Movidius: Making the Chips that Power 3D Image Processing

Movidius is a silicon chip company company that is headquartered in Dublin, with operations in Belfast, Romania and Hong Kong. The chips that they create are especially designed to bring the best 3D video experience to mobile phones, tablet computers and consumer products.

The vision for Movidius came from their CTO, David Moloney. He had been doing some research around high-performance computing, and came up with some architectural ideas for new processors that would have a very large amount of computing power with very low power consumption. This could be extremely useful to the mobile computing market as there is only so much power for a given battery size.

That opens lots of opportunities for applications to migrate to the mobile format that were previously only possible to run on PCs.

As well as being a flexible technology that can be applied to lots of different applications in mobile devices, the underlying architecture delivers a very compelling solution for the 3D application area.

There are some quite sizable companies involved in this area, and the CEO of Movidius, Sean Mitchell, explains how they plan to handle themselves in this marketplace, “The strategy that we have approached the market with is not to compete the likes of Invidia or Texas Instruments directly.

“They focus on the main processor within the phone — the application processor. We have developed our chip to be a co-processor that can assist that main processor in delivering its new applications.

“For example, with 3D video, we would be attached to the main application processor, but we would take control of both of the cameras in the system and we would do all the 3D processing. So we are kind of an additional accelerator to boost the performance of the main processor.”

An example of how Movidius products can enable 3D camera—phones be seen in the following video:

Sean continues, “We are complementary to their offering, but they have an ongoing development program themselves so we have to keep ahead of that progress in the main processor and keep offering new stuff.”

The traditional approach to chip manufacturing is to continually up the speed of the processor, but there is an upper limit governed by the need to deliver larger amounts of power to drive them.

Sean says, “Because increasing the processing speed was fundamentally not the way to go – not because of processing but because of power issues – we have adopted a different approach which is a highly parallel, multi-core architecture. It delivers massive computing power but at a much lower level of power consumption per operation.

“We are operating at quite modest clock rates but using much more intelligence in the architecture to deliver the workload.”

Sean is looking forward to showcasing the technology they have at the ITLG/Irish Times Awards, “There’s nowhere else in the world like Silicon Valley where the network connections are so strong. Business is done between people so it is important to make those connections.”

Movidius is one of seven Irish companies that have been invited to the Technology Company Showcase at the 4th Annual Silicon Valley Technology Leaders Awards. It is being held at Stanford University on April 5th and is being sponsored by the Irish Times.

Over the weeks leading up to the event we at Technology Voice will be doing articles on all seven of the companies that are showcasing their technology.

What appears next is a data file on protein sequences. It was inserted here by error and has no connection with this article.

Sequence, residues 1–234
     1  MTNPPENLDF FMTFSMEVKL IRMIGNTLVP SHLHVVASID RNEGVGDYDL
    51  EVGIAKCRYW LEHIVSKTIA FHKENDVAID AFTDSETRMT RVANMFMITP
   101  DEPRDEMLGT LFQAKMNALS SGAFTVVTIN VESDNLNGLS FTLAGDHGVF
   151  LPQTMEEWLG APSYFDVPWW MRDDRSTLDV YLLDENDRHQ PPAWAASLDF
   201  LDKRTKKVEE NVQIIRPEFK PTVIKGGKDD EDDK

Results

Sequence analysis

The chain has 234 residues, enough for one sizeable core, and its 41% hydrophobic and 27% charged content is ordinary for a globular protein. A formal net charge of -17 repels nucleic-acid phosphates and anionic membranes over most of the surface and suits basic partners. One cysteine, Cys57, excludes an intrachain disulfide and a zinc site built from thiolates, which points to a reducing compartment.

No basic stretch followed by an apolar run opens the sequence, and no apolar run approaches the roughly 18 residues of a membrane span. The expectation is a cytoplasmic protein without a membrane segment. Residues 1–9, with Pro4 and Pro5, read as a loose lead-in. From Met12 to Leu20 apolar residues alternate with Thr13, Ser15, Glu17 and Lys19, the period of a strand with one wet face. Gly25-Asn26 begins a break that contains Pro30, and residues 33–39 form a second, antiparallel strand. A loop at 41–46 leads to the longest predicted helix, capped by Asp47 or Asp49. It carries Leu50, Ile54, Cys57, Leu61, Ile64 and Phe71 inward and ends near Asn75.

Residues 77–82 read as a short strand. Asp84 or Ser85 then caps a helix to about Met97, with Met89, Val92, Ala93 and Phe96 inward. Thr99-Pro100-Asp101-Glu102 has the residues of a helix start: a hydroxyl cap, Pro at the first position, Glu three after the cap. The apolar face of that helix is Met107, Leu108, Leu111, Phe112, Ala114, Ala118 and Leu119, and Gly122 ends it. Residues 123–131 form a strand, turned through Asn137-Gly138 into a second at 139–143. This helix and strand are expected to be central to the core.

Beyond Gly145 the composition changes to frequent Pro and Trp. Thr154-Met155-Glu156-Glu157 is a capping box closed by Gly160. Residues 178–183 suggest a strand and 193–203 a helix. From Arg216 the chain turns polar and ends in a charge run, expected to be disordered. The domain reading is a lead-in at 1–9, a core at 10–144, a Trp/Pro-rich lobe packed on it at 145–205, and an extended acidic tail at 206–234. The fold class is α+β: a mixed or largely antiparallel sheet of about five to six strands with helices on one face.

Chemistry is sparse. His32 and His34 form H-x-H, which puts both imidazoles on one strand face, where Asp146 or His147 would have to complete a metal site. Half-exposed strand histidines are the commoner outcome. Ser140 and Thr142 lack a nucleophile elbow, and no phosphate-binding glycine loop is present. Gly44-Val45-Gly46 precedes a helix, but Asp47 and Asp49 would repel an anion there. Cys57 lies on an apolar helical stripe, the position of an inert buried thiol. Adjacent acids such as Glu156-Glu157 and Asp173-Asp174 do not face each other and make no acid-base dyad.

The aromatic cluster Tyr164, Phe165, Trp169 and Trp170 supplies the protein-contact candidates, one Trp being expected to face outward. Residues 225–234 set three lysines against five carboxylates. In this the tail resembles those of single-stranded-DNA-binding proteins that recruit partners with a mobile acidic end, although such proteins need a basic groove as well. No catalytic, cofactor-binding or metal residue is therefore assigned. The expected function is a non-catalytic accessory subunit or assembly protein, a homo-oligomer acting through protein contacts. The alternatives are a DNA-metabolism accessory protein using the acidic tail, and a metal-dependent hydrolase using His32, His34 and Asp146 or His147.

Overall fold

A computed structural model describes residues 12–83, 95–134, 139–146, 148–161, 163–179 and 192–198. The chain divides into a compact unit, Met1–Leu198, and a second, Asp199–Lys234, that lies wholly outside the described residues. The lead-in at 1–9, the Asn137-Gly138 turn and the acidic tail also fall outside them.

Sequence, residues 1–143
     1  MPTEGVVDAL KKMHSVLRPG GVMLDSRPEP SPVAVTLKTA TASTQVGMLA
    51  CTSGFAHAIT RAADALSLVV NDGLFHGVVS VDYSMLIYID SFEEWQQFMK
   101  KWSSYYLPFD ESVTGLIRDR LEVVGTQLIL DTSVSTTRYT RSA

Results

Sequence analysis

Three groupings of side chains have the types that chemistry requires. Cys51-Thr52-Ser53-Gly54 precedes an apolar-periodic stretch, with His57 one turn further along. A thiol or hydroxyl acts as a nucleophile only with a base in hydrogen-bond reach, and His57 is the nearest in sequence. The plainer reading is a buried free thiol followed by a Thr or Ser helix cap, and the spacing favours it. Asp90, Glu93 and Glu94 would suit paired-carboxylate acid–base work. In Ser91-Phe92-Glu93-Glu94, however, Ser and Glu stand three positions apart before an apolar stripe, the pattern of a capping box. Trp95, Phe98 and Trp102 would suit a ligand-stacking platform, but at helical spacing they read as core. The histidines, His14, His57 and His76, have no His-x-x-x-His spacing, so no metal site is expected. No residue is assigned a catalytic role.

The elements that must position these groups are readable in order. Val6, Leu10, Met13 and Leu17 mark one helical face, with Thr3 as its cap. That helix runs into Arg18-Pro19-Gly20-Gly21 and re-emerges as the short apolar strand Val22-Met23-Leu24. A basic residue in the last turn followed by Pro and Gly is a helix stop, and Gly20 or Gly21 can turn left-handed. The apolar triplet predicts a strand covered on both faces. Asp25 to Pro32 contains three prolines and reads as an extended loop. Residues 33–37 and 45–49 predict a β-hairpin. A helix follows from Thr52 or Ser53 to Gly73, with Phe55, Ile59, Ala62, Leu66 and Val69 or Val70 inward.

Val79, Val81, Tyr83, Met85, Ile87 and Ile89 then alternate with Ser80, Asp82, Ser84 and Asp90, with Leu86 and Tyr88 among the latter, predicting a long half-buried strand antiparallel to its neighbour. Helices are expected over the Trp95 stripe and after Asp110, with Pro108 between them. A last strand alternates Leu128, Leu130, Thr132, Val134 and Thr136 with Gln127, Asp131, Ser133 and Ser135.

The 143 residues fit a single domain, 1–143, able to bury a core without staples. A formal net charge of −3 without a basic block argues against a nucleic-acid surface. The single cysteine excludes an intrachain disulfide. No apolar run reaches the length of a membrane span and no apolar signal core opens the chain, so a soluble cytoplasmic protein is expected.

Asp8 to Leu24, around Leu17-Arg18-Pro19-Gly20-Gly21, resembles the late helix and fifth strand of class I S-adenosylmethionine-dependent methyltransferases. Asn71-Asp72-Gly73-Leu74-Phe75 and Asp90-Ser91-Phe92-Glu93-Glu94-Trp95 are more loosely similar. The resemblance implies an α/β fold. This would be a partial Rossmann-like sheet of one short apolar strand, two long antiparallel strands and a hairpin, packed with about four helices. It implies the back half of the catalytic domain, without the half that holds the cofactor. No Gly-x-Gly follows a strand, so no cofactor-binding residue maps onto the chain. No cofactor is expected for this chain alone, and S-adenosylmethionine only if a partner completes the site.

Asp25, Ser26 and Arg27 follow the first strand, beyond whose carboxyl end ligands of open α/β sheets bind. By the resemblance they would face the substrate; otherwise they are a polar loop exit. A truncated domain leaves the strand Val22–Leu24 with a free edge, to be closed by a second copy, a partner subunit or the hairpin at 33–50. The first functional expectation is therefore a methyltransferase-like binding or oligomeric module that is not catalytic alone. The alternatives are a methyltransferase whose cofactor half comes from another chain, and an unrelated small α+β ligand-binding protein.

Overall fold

Arduino: A Big Revolution in a Small Package

Having shipped over a 120,000 boards since their inception in Italy in 2005, Arduino microprocessors are becoming increasingly popular beyond the usual circle of tech heads and dedicated do-it-yourselfers. To help me find out why this may be I talked to Darren Tighe, who is currently working on his own Arduino projects.

The first significant aspect of the Arduino is its accessibility. Darren explains, “ Well it’s a microprocessor and traditionally they come in a little package with a couple of pins on them. To program them, play around with them and learn how to use them you would have to plug it into a programmer… and then unplug it and put it on to whatever project you were working with.
Whereas the arduino uses an Atmel chip which is a fairly common micro-controller but it’s set up for proto-typing. So it gives you a USB port so you can just program directly from the PC and it has lots of in and out ports for the electronics to be attached.”

The programming is done by using Arduino Sketch an off shoot of Processing, a language developed by the MIT Media Lab specifically to make programming easier and more accessible for people who would not normally want to, or think they could not, take on the task of learning a full blown programming language.

As Darren says, “They are used by a lot of artists who want to use LEDs in their art. Just to control them, to drive all the LEDs and send them into different patterns.”

While making technology relevant and usable to wider and wider sections of the population is undoubtedly a good thing Darren argues that this not the main reason for the Arduino’s success.

“I think the revolutionary part has nothing to do with what it actually is but with what people are doing with it. People are going out and saying “what can I hook this up to?” They’re playing, they reverse engineer, they hack away. Then they’re going back to the community and saying is there anything else I can do? I think the revolutionary thing is the community that has built up around it.”

The community seems to be the key. Arduinos come with a Creative Commons Attribution-ShareAlike 2.5 Generic licence alongside the Copyleft GNU General Public license. These agreements encourage sharing of knowledge gained and lessons learned. The Arduino’s existence and the way it is shared is creating the community that is creating things.